A new type of battery that both lithium and sulfur ions is currently being developed at the DOE’s Oak Ridge National Laboratory, and it promises to
outwit, outplay, and outlast the best batteries currently on the market, for a fraction of the cost. How big of a boost does sulfur give “conventional” lithium-ions? The lab’s researchers are reporting that their sulfur ion batteries have approximately four times the energy density of the lithium-ion batteries currently found in electric cars like the Nissan Leaf and Tesla Model S.
The best part of all this is the cost-cutting. “Sulfur is practically free,” noted Chengdu Liang, the scientist who led the ORNL research team. “Not only does sulfur store much more energy than the transition metal compounds used in lithium-ion battery cathodes, but a lithium-sulfur device could help recycle a waste product into a useful technology. Our battery design has real potential to reduce cost … compared with existing lithium-ion technologies,” Mr. Liang concluded.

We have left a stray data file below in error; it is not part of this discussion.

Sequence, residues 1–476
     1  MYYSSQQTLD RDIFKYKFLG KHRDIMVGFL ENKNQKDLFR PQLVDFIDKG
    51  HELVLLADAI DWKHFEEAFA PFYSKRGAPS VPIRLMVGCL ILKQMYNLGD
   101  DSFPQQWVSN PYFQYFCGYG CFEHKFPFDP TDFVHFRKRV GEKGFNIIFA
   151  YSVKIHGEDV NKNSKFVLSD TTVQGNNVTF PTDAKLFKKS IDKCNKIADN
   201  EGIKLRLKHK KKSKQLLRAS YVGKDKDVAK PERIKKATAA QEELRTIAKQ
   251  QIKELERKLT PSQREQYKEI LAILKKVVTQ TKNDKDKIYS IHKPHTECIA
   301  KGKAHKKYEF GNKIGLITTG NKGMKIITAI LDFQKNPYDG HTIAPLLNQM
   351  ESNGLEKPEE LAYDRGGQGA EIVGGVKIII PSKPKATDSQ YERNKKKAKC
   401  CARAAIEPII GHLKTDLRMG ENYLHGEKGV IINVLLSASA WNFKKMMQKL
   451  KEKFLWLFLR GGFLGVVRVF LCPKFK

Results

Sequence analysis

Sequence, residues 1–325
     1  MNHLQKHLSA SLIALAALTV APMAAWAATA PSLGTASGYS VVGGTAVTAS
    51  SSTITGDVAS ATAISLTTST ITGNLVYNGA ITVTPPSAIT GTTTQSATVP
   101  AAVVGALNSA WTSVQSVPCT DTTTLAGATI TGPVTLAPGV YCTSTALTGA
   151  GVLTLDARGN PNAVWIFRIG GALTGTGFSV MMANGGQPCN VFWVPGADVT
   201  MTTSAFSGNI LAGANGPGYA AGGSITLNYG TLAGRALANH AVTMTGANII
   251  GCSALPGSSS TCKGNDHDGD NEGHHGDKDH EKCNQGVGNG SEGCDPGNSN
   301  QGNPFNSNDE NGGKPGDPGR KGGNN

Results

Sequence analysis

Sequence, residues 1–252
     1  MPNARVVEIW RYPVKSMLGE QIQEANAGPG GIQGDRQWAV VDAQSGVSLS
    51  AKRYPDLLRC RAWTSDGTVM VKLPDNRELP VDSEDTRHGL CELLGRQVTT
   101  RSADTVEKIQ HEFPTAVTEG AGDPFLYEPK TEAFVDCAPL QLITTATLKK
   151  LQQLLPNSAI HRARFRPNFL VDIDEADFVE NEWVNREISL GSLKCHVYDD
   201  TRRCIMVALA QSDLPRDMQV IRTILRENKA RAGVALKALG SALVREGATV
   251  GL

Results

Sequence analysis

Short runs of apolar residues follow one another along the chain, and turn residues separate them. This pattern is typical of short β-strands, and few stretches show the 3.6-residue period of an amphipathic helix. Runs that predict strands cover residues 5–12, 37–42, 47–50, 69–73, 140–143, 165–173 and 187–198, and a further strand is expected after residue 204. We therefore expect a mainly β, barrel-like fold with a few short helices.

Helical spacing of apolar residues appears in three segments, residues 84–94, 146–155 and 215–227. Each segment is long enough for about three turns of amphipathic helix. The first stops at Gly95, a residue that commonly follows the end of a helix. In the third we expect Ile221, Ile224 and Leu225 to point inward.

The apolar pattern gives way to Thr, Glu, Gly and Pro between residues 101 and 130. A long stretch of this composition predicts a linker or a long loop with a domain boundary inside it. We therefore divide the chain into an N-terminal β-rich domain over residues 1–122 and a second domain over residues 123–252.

Although the technology is still in the demonstration stage, the team believes that the research can be quickly scaled for commercial applications. A patent on the design – which uses a solid electrolyte material (as opposed to the liquid electrolytes used in conventional batteries) as well as a new cathode and lithium anode for an energy-dense, all-solid battery – is currently pending.
Would a Chevy Spark with a 300-400 miles of range that costs under $20K be a winner? If Liang is right, we might soon find out!
Source | Photos: Oak Ridge National Laboratory, via Ecoseed.